It never fails. You and your co-workers have just gotten used to doing things with your current workflow software, including learning its quirks and limitations. You’ve come up with your procedures and workarounds that suit your unique work situation. You got this thing down to a science; from here on in, it’s smooth sailing.
Then someone higher up on the corporate ladder comes along and announces that the company just invested big bucks in a new workflow software product. Either that, or said higher-up declares that the company has bought the latest upgrade to the existing software.
“Don’t worry!” the well-intentioned buttinski declares. “It’s going to be great!”
Famous last words.
Naturally, it now falls upon you and your staff to implement the new workflow software as seamlessly as possible. Here are the things that could go wrong, euphemistically referred to as “challenges”, and how to avoid them.
Implementation While Maintaining Business As Usual
Even though you’re bringing in this new software (or upgrading the old version), chances are the company is still experiencing a normal workday, which means people need access to systems and applications so they can do their jobs. There’s no time for downtime.
Even though it seems like the equivalent of changing a flat while the vehicle is still in motion, it can be done. For starters, you need someone to head up the project that is familiar not only with the new product and how to install it, but also the workflow processes that your company performs on a daily basis. With someone who has a good understanding of both sides of the coin in charge, there’s a greater likelihood that smart, informed decisions will be made.
The best way to implement workflow software is to do it in stages so that the fewest people are affected as possible. If you think sufficiently ahead of time, there can even be work set aside for the people who have been rendered idle while their software is being installed/upgraded.
The Wrong Tools Have Been Brought In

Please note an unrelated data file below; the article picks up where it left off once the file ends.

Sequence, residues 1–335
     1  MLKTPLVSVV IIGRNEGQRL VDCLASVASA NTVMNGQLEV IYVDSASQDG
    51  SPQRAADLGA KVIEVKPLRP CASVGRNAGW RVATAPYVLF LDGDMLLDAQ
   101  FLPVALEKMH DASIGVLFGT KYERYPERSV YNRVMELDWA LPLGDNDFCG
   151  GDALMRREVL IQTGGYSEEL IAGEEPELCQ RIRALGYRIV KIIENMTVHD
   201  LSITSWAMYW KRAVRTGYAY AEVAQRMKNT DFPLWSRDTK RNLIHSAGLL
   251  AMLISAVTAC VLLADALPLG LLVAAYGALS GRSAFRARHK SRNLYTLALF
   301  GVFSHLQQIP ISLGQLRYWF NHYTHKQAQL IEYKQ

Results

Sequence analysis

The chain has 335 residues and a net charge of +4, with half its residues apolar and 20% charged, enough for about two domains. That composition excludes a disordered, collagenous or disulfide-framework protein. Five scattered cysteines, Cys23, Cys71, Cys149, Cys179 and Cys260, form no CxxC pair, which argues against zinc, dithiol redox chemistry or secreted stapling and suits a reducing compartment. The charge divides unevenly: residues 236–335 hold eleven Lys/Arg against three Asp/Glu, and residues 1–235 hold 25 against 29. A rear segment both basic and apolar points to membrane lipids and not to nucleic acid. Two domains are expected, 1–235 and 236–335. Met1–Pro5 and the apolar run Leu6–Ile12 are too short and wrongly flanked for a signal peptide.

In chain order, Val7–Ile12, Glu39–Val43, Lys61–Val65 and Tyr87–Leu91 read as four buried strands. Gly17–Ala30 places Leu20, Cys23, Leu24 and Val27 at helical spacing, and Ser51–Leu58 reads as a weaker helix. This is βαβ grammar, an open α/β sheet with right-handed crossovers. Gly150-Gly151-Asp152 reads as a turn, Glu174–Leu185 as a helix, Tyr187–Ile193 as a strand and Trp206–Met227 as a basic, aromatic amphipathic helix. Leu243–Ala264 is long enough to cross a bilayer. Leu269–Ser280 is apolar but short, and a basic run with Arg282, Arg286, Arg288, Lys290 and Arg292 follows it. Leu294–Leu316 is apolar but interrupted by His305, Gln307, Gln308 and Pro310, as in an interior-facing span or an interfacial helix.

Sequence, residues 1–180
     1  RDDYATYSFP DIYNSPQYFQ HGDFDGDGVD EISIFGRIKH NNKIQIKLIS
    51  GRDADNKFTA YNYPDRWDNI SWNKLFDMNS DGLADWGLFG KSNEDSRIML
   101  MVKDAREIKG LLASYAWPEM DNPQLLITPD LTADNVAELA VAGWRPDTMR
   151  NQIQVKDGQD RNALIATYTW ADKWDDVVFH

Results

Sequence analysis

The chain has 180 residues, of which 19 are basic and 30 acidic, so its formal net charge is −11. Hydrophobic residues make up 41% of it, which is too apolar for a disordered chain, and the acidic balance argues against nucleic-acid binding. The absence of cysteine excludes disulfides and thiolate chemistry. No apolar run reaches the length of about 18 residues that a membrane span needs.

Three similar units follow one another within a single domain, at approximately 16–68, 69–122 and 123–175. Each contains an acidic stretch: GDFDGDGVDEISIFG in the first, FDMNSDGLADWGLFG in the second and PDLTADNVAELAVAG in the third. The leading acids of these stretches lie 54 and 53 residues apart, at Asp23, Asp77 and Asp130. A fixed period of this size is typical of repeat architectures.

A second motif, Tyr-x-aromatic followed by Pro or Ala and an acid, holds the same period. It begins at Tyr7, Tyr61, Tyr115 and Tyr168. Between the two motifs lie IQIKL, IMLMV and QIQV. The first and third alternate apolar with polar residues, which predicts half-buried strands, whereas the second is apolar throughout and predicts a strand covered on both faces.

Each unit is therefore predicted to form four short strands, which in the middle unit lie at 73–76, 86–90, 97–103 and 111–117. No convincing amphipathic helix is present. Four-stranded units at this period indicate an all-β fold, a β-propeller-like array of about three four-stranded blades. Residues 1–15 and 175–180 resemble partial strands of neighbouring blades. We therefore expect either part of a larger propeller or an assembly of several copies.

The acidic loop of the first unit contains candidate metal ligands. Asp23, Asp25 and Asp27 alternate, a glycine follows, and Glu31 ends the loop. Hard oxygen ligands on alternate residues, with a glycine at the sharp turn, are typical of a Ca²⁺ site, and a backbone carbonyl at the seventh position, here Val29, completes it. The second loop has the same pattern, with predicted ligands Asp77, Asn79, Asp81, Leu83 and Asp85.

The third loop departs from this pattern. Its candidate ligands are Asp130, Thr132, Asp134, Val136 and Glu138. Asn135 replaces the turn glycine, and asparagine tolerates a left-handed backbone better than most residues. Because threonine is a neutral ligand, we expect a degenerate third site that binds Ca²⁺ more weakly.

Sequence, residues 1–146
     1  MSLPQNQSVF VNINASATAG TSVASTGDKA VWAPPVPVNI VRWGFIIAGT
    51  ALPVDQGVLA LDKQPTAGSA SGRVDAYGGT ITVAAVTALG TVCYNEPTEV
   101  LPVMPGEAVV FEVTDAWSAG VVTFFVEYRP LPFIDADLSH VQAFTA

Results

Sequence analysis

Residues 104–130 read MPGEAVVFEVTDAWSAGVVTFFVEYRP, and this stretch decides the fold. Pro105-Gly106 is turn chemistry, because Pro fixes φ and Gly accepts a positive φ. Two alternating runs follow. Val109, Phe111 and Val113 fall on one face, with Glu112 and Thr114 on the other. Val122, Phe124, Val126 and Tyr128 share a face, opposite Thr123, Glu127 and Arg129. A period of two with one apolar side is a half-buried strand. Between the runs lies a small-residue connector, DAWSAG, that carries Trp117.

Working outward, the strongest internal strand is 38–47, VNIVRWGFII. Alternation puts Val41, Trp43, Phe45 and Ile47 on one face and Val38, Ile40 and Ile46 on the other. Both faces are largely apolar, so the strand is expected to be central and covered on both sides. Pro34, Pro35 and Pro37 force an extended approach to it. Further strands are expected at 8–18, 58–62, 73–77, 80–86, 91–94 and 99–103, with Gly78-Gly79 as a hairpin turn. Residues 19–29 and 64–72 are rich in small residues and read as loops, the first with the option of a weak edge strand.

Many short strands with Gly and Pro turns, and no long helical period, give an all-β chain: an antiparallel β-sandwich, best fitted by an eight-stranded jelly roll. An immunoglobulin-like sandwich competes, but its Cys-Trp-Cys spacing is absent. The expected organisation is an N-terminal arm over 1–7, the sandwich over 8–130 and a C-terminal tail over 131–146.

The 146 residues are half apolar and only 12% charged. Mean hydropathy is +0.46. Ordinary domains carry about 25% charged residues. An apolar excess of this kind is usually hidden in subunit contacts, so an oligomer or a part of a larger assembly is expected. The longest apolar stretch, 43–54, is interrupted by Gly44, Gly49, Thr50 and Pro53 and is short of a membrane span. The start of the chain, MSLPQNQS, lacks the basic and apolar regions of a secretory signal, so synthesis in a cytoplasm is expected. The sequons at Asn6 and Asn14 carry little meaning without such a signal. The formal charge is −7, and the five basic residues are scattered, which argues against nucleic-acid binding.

If a company has managed to invest in the wrong workflow software, then a whole barrel of problems has just opened up. Such things do happen on occasion and usually because the person in charge of software acquisition has become so enamored of a particular product that they didn’t give enough thought as to whether or not it’s the right one for the company in the first place.
Unfortunately when this happens, the die is cast, and it’s usually too late to undo the purchase. The company has just blown major dollars on a solution that doesn’t make for a good fit, but now they’re stuck with it, and everyone’s going to have to make the best of it.
The best way to head off this disaster is to ensure that there is adequate representation of the people who are going to USE the program before purchasing the application. This representative must be able to articulate precisely what tasks the team needs to accomplish and what the expectations will be from the software. After all, as “The 5 Keys to Successful BPM Implementation” says, “Ultimately, you and your team are the only ones who can determine which BPM software solution is the right one for your needs.”
Poor Or Non-Existent Training
Finally, there’s the problem of inadequate training. Even if the application performs as advertised, things can get messy while the team is in the process of wrestling with the learning curve. That’s why there needs to be a member of the implementation team that has the responsibility of making sure that the vendor provides all of the training and documentation needed for a smooth transition.
It especially helps if there are one or two designated people who make it their mission to know the software front and back, and become the go-to resource people whenever anyone else has a question.
Buying new software or upgrading the old version can be a major plus for everyone in the company. However, the pitfalls may be damaging, so care must be exercised in heading off problems before they hit. That way, implementation is smooth, and the company suffers no downtime.